Objective: Students will use a map of the state to determine the locations of various
waterbodies throughout the region. Students will also learn names of the water
resources in the state as well as the counties in which those waterways are located.
Materials: State of South Dakota 1:500,000 scale map, Waterbody Word Wizards
waterbody list, 2 water-soluble markers that are different colors (one red and one blue),
Background: Over 100 years ago, geographies showed what is now South Dakota as
part of the Great American Desert. In more recent years, quite a little has been said on
the subject of drought, with even some mention of a "Dust Bowl". In view of this, it may
be surprising, to learn that South Dakota soil is crossed or touched by 1,103 creeks and
rivers. Lakes number in the hundreds. Reservoirs, although lesser in numbers provide
drinking water, recreation, wildlife habitat and any number of other things to the State's
Many names attached to South Dakota's waterbodies come from names of
homesteaders, ranchers, prospectors, bandits, world-renowned individuals, colors,
animals, trees, Native American names, minerals and chemicals, and directions. Names
of historical significance and geographical features are also represented in South
Divide the class into two teams. Give each team one marker.
Divide the Waterbody Word Wizards waterbody list in half. (Note: you may want to base
this division on the total waterbodies numbers shown at the bottom of each category on
the list or alphabetically).
Using the waterbody list, have one team at a time find each name on their portion of the
list, on the state map. As the team locates each name, have one person on the team
carefully trace with the marker the flow of the located waterbody on the map (For
example, when the team locates the Big Sioux River, have a student from the team trace
the entire watercourse of the River, starting in Grant County and ending at the state line
south of Vermillion where it empties into the Missouri River). Have another person mark
off the "found" names on the list. Note: In South Dakota, there are many names that are
duplicated (there are 16 creeks named Cottonwood and 5 Clear Lakes) - students may
located on or several of these duplicates as they peruse the map. Encourage them to
keep track of the different locations of each duplicate.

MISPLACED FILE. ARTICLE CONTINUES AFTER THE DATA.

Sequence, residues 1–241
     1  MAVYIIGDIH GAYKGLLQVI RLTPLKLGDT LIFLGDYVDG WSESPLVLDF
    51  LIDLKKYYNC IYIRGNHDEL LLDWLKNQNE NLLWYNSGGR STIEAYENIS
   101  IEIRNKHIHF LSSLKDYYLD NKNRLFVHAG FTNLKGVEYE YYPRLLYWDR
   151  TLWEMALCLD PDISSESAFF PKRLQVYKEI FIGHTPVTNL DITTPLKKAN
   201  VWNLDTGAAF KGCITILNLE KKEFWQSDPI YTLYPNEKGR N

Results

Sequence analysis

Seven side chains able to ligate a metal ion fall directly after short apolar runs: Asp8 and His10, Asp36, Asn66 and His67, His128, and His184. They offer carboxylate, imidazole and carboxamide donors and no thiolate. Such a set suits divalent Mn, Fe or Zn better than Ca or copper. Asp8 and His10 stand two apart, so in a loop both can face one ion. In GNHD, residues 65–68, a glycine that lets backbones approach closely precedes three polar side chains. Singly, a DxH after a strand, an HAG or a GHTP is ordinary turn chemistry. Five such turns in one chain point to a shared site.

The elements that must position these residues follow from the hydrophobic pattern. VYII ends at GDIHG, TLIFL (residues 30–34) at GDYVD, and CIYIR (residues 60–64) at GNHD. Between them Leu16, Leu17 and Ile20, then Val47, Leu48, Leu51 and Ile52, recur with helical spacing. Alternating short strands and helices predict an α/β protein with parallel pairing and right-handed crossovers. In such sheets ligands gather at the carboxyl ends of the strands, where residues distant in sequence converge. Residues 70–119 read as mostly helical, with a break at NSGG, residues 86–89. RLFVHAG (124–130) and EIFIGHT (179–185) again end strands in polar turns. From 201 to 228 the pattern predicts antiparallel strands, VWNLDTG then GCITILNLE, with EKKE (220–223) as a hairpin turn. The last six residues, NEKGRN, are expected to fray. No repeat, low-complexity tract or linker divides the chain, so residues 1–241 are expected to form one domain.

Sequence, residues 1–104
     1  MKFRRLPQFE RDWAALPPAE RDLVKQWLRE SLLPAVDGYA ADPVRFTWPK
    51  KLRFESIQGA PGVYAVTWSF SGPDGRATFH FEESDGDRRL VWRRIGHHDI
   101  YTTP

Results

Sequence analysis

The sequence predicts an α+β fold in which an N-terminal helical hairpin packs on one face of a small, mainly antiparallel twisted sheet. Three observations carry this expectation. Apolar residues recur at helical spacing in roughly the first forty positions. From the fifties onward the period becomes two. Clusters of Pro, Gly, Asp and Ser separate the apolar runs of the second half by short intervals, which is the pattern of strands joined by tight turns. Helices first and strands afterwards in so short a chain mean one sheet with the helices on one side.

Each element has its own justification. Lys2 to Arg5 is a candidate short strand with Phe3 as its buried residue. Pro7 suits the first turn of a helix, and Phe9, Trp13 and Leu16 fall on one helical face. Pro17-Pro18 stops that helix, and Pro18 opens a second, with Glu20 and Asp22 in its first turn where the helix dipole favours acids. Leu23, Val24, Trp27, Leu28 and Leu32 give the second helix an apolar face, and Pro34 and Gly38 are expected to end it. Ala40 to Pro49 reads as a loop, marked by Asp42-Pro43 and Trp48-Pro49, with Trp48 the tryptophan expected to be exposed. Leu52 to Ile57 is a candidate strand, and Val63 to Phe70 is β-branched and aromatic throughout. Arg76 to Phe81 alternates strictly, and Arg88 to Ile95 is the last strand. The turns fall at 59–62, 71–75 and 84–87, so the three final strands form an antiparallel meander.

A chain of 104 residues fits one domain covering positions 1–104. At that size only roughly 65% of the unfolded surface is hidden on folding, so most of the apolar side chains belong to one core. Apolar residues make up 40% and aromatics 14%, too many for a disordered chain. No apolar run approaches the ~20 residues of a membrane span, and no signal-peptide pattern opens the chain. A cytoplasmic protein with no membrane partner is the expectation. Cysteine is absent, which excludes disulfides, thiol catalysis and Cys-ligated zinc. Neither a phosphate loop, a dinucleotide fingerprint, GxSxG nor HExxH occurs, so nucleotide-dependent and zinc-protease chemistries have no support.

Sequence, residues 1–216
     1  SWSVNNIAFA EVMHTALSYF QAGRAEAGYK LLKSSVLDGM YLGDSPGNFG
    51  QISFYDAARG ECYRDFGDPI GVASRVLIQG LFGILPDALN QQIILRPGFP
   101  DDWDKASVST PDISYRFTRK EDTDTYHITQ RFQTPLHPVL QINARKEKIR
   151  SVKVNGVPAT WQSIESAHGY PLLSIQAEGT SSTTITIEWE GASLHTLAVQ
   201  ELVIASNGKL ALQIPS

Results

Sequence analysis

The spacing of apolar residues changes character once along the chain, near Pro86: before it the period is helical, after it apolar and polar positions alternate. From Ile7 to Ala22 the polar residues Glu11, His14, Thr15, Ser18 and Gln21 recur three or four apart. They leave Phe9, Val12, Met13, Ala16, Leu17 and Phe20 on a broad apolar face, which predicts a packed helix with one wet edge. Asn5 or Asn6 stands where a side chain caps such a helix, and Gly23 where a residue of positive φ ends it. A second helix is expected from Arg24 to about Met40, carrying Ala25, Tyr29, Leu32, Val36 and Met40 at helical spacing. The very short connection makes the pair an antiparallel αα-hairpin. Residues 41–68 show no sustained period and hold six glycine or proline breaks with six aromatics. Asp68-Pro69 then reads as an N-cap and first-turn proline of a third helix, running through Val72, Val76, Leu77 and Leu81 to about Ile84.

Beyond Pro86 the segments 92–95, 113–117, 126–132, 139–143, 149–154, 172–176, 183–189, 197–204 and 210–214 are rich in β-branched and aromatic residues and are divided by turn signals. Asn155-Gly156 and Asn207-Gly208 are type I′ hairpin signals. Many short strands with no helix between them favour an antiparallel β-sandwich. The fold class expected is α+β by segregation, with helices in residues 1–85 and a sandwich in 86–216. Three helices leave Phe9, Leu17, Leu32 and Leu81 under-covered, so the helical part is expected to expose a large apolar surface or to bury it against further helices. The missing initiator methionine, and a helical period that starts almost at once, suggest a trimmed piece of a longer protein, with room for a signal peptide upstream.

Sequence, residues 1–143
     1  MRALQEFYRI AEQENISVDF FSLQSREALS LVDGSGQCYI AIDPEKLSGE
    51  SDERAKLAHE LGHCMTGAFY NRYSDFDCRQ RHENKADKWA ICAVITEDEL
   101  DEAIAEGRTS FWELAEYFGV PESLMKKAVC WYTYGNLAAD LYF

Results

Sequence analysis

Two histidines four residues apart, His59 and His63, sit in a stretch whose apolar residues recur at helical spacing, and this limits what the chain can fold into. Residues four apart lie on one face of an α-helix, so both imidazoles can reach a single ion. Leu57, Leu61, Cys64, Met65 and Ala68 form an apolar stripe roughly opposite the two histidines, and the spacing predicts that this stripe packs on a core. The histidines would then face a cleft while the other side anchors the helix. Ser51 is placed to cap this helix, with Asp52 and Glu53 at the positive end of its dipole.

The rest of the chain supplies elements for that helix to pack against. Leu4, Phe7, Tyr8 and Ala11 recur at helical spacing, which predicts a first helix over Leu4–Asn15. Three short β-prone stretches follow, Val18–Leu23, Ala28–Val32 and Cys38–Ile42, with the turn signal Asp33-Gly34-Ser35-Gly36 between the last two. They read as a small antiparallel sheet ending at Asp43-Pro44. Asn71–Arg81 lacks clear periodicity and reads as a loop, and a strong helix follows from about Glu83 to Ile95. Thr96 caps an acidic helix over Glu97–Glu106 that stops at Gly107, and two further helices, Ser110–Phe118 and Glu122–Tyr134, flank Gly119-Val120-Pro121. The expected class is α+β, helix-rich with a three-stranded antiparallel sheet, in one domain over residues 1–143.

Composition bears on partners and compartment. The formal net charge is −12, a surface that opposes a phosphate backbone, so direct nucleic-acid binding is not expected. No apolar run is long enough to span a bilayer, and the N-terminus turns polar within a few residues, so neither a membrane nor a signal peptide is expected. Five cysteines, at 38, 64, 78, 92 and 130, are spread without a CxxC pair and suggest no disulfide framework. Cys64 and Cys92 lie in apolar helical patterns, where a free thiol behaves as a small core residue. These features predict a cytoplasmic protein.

As each name from the list is located, have all students on the team write down which
county or counties the found watebody flows through. In many instances, there will be
several counties involved with a waterway.
When Team One has located all the waterbodies on their portion of the list, allow Team
Two to take over the map.
As each team is finding the names, you may want to hold a brief discussion on
watersheds, tributaries, etc. as additional information.
Notes: 1) On the word list, several waterbodies have been excluded - these would
include any creek or river that is a "fork" of a larger waterway: "North Fork Vermillion
River" or East Badlands Creek", etc.; 2) Not all waterbodies that are in the state are
shown on the state map. The word list reflects ONLY the waterbodies shown on the
Using the Waterbody Word Wizard list, hold a spelling bee on South Dakota's
Using the map, assign each student a county. Have students make a list of all the
waterbodies located in their county. Have them the write a story using the names of the
waterways and the county they've been assigned in the story. Tell them that this story
has to be from a Native American's point of view.
After doing the activity, have students play the "Alphabet Game". Form a circle with your
class. Say, "I am going to start the alphabet game using the waterbodies we've mapped
in our state". Begin by using one of the "A" waterbodies - "Lake Albert", stressing the
word "Albert". The next person says "B" and tells a name from the map/list - "Beaver
Dam Creek". You might want to give a time limit for thinking. If a student wants to pass,
he/she may just say "pass". The next person must repeat the same letter and think of a
waterbody. The letters Q, X, and Z are not used. You should skip these letters in your
Social Studies, Visual Arts, Reading
SD Standards for 4th grade:
4..R.1.1; 4.R.1.2; 4.R.2.1; 4.R.5.1
Observation, Prediction, Interpreting
Prior Preparation: Laminate the
1:500,000 scale state map. Make
copies of the Waterbody Word
Wizards waterbody list.